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Seen in the Press

How to Reconnect Your Customers to Nature 

Lawn&Garden Retailer Mag_Feb 2013

 

 

 

 

 

Bauman’s Farm at Table ~ Partners in Growth!

LGR Magazine ~ Farm At Table (feature article) p.1LGR Magazine ~ Farm At Table (feature article) p.2  “LGR Magazine ~ Farm At Table (feature article) p.3At Bauman’s Farm & Garden in Gervais, Ore., we have partnered with two local businesses — Red Bird Restorative Gardens and Autumn Leaf Landscaping Company — to create an inspirational retail concept that connects home gardeners to their roots and provides the ability to feast their eyes on what is possible. Our goal is all about nourishing our customers’ desires for healthy outdoor living. We agreed to call the concept “Farm at Table.” Farm at Table kicked off at the end of April here at Bauman’s and will run through October 31, 2012…”

Press Release ~ HGTV Restorative Garden Feature!

RED BIRD PRESS RELEASE 11.27.12

 (Aurora, Oregon) 11/27/2012 — Finding bliss lies right outside your door, naturally, according to local garden design expert, P. Annie Kirk of Red Bird Restorative Gardens. Kirk recently contributed to HGTV Gardens, sharing how-to tips for creating personalized restorative gardens at home in Restorative Gardens are a Personal Patch of Peace.

“Restorative gardens go beyond the standard four trees, three shrubs and a lawn. They are uniquely and personally designed with intentional use, healing and wellness in mind. We integrate colors or fragrances that foster fond memories, creating positive natural distractions, privacy and spaces where you’re safe to be in whatever mood you’re in.” says P. Annie Kirk, owner of Red Bird Restorative Gardens… (click image to continue reading)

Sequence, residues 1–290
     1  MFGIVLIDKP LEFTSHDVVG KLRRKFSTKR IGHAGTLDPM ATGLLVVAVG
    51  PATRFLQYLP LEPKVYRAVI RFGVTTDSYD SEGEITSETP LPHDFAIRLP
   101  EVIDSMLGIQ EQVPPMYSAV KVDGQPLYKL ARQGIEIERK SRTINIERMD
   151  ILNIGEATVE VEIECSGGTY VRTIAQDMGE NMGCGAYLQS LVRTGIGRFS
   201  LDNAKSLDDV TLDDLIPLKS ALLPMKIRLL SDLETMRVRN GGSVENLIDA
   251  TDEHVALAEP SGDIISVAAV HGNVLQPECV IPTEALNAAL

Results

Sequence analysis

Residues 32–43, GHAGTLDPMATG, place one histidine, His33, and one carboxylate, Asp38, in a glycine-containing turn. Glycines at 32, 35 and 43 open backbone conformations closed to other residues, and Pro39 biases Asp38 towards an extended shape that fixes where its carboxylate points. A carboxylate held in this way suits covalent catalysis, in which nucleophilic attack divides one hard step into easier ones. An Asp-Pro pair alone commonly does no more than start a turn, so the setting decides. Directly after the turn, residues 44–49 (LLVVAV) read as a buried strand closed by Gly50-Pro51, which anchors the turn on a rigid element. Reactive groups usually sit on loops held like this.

Re-creating Neighborhoods for Successful Aging.

Kirk, P. Annie (2009). “Natural Occurring Retirement Communities:  Thriving through Creative Retrofitting.” Chapter 6 in Bob Scarfo, Pauline S. Abbott, Nancy Carman, Jack Carman (Eds.) Re-creating Neighborhoods for Successful Aging. Baltimore: Health Professions Press, pp. 115-143.

Book Synopsis: The aging of the U.S. population and the rising average life span are transforming current perspectives on growing older, retirement, and senior living communities. To ensure that environments meet the changing needs of older adults, a reconception of housing, communities, and neighborhoods is required. Re-creating Neighborhoods for Successful Aging provides the foundation for confronting this pressing challenge.

Drawing from the fields of gerontology, health sciences, community planning, landscape architecture, and environmental design, this groundbreaking resource provides an in-depth examination of current elder housing practices and strategies, alongside goals for the future. Housing models, such as continuing care retirement communities (CCRCs), shared housing, and co-housing, are evaluated, and best practice recommendations are presented.

ISBN-10: 1932529241 | ISBN-13: 978-1932529241

Press Release ~ Baumans Gardens, Farm at Table

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Flower Power! ~ How Gardens Can Improve Your Residents’ Health

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Oregon Live! – Healing Gardens Can Follow You Home…

 

Healing gardens can follow you home from the hospital _ OregonLive_Page_1 Healing gardens can follow you home from the hospital _ OregonLive_Page_2 Healing gardens can follow you home from the hospital _ OregonLive_Page_3 Healing gardens can follow you home from the hospital _ OregonLive_Page_4Healing gardens can follow you home from the hospital _ OregonLive_Page_5

 

 

 

 

“Undoubtedly, we need gardens in hospitals, period,” says P. Annie Kirk, a Portland landscape designer and consultant. “But we can’t stop there. You don’t have to be sick to benefit. It should be carried across the platform into our homes.”

Kirk knows this from both sides of the platform. The terminal illness of her father started the process that led her to enroll in the master of landscape architecture program at the University of Arizona, where she wrote her thesis on, in part, the elements of a healing garden.  “When he was in the health care facility, I kept thinking, ‘Where do we go in this place to get away from the smell of a hospital? Where do we go for privacy and comfort?'”